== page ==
For access to all of our training, gear, and race coverage, plus exclusive training plans, FinisherPix photos, event discounts, and GPS apps, sign up for Outside+.
After a year away from competing, four-time Ironman world champion has said that she will officially retire from iron-distance racing.
The decision from Wellington comes just under a year after she announced that she would take 2012 off from competing as a professional triathlete.
“Over the past 12 months I have had time to reflect and think, about my past and, of course, also of my future,” Wellington said in an official statement. “Being a professional ironman athlete has been one of the greatest experiences of my life. I have achieved more than I could have ever imagined, and been so fortunate to travel to some beautiful places, compete against the best in the world, and forge many lasting friendships. Those life-changing experiences and memories will stay with me forever.”
The Ironman World Championship course record holder says that her final professional race at the 2011 Hawaii Ironman, where she competed with several injuries sustained from a bike crash she suffered two weeks prior to race day, is how she would like to close out here career.
“As an athlete I sought ‘the perfect race,’” Wellington said. “That race within myself where I dug to the depths mentally and physically, and that hard-fought race with my competitors. The World Ironman Championships in 2011 was the icing on the cake for me as an athlete. It was my ‘perfect race’ and it ‘completed’ me.”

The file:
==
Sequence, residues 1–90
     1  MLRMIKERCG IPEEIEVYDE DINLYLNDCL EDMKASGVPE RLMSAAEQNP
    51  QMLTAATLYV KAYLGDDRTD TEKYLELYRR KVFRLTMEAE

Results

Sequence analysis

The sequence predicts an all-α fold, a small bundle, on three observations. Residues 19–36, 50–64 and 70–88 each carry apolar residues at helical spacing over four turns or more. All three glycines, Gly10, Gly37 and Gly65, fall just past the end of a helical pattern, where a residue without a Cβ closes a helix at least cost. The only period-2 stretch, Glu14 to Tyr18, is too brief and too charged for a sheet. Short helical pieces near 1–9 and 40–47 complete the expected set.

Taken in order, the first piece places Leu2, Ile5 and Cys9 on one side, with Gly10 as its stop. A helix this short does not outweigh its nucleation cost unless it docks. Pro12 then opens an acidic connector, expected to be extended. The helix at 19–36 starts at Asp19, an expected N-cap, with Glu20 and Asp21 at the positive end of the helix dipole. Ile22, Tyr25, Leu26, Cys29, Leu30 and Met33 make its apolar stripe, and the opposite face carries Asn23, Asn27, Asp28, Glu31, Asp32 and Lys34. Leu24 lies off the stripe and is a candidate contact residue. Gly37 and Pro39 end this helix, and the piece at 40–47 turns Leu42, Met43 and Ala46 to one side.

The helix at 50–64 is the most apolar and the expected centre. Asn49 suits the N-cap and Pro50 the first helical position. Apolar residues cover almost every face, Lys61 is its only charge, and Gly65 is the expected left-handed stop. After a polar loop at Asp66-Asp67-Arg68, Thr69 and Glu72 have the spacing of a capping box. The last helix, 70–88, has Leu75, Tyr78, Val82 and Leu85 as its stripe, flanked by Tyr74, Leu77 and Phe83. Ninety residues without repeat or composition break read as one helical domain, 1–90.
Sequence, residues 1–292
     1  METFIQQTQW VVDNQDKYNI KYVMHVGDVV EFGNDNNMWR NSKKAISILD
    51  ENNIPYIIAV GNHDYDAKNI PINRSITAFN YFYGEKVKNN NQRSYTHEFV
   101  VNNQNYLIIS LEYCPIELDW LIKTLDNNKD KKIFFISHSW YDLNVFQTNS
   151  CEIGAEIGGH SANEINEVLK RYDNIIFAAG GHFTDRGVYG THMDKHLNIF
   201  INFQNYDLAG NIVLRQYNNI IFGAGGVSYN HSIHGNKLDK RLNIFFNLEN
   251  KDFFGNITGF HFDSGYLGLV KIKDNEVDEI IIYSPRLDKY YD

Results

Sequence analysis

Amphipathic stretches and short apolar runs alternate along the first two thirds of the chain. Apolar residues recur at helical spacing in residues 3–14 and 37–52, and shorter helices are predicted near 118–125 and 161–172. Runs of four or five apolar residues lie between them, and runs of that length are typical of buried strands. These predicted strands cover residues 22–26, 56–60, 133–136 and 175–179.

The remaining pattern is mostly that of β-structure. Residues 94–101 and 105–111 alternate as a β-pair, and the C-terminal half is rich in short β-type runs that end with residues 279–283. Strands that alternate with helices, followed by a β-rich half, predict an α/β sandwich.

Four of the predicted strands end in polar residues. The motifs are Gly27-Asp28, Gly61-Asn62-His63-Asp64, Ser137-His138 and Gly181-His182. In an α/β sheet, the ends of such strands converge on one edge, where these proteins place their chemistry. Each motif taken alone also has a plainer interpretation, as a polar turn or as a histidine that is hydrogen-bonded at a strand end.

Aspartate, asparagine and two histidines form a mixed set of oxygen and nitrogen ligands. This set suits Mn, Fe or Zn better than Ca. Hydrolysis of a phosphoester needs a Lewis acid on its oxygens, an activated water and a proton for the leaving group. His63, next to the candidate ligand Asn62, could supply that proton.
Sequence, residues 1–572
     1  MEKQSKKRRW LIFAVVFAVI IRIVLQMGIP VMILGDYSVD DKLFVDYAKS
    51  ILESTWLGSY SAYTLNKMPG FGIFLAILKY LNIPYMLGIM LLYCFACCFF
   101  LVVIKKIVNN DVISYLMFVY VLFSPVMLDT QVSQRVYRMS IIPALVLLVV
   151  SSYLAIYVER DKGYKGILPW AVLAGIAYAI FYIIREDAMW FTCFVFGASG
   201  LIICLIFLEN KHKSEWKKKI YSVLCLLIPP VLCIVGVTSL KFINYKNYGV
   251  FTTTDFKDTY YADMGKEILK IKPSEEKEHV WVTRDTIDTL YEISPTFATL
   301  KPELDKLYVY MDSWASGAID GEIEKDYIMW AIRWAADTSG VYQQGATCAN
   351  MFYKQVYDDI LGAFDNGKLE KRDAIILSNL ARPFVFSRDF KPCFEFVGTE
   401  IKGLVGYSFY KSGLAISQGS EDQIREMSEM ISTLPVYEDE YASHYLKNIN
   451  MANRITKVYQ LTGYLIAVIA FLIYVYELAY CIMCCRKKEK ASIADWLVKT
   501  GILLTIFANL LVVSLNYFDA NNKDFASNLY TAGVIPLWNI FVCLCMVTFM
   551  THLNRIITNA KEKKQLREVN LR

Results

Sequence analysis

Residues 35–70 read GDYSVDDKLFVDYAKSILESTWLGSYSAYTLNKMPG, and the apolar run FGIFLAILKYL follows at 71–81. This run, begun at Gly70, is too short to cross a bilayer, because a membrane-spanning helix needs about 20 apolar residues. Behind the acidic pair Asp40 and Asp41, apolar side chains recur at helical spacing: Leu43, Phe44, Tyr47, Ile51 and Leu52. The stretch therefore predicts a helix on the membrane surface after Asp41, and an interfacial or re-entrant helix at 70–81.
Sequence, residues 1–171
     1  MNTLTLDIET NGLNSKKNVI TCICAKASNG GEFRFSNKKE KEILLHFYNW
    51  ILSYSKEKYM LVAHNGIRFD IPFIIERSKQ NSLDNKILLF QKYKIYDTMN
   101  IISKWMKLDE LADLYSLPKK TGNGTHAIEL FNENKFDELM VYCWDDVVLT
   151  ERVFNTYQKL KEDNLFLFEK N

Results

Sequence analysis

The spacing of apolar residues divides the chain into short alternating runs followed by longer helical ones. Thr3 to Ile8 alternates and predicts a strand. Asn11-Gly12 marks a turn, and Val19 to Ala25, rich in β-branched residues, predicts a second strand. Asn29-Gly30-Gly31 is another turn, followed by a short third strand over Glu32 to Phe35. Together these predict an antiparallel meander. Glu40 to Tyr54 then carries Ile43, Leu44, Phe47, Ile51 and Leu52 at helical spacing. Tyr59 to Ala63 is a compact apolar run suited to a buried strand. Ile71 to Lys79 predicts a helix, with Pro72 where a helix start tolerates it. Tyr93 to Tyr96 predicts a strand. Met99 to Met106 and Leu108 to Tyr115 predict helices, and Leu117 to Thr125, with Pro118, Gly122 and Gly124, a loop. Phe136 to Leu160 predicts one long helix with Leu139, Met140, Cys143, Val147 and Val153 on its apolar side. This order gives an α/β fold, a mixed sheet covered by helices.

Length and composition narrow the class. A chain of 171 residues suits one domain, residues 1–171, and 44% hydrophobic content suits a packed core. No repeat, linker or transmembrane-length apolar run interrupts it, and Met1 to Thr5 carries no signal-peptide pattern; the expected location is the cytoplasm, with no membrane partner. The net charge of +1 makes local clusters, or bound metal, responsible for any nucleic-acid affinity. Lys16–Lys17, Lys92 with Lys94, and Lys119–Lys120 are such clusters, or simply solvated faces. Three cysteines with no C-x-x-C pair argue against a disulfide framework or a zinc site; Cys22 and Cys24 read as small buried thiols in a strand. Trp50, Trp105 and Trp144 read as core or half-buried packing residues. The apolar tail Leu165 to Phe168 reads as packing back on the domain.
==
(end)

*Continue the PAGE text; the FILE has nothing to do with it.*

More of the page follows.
In her January 2012 interview with Triathlete.com, Wellington said the break was important because “racing cannot always be the axis around which my life revolves.” She again emphasized that sentiment in today’s announcement.
“My passion for the sport hasn’t waned, but my passion for new experiences and new challenges is what is now burning the most brightly,” the statement said. “Hence, I have got to the point where I know that it is right for me to retire from professional Ironman distance racing. Needless to say this decision has not come easy, but deep in my heart I know it is the right thing for me to do. My future will, of course, involve sport and triathlon – but it will no longer be the axis around which my entire life revolves.”
Wellington says she will continue to dedicate herself to charity work and will support her sponsors in an ambassador role.
In addition to being a four-time Ironman World Champion and Hawaii Ironman course record holder, Wellington also owns the world records for fastest iron-distance race (8:18:13 at 2011 Challenge Roth) and fastest Ironman race (8:33:56 at 2011 Ironman South Africa). Wellington has never been beat at the iron-distance.
Read Wellington’s complete statement at Chrissiewellington.org.
Visit Competitorradio.com in the coming hours for a podcast with Wellington.
– Breakfast With Bob And Paul: Chrissie Wellington
– Becoming Chrissie: A Life Without Limits
– Chrissie Wellington’s Mind-Over-Body Battle
– Chrissie Wellington Unplugged
– Inside Triathlon’s Profile Of Chrissie Wellington
– 12 Days: The Story Of Chrissie’s 2011 Kona Win
– Chrissie In Kona: The Post-Race Interview Series
– Chrissie Wellington’s Book To Be Released May 2012
– Chrissie Wellington’s Inside Triathlon Photo Shoot